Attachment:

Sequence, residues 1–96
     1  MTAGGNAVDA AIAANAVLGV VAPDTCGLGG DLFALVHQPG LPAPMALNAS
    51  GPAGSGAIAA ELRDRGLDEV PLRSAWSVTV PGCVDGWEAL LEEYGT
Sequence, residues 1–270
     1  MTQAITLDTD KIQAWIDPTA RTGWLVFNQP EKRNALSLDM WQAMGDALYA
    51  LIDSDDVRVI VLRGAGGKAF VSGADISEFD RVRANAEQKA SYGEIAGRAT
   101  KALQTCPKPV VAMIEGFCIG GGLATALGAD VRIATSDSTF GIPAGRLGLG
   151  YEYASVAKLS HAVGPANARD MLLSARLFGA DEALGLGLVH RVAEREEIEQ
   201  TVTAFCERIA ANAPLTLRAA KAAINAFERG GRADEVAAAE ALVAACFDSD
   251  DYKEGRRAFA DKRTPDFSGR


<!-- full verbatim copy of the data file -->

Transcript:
Sequence, residues 1–96
     1  MTAGGNAVDA AIAANAVLGV VAPDTCGLGG DLFALVHQPG LPAPMALNAS
    51  GPAGSGAIAA ELRDRGLDEV PLRSAWSVTV PGCVDGWEAL LEEYGT
Sequence, residues 1–270
     1  MTQAITLDTD KIQAWIDPTA RTGWLVFNQP EKRNALSLDM WQAMGDALYA
    51  LIDSDDVRVI VLRGAGGKAF VSGADISEFD RVRANAEQKA SYGEIAGRAT
   101  KALQTCPKPV VAMIEGFCIG GGLATALGAD VRIATSDSTF GIPAGRLGLG
   151  YEYASVAKLS HAVGPANARD MLLSARLFGA DEALGLGLVH RVAEREEIEQ
   201  TVTAFCERIA ANAPLTLRAA KAAINAFERG GRADEVAAAE ALVAACFDSD
   251  DYKEGRRAFA DKRTPDFSGR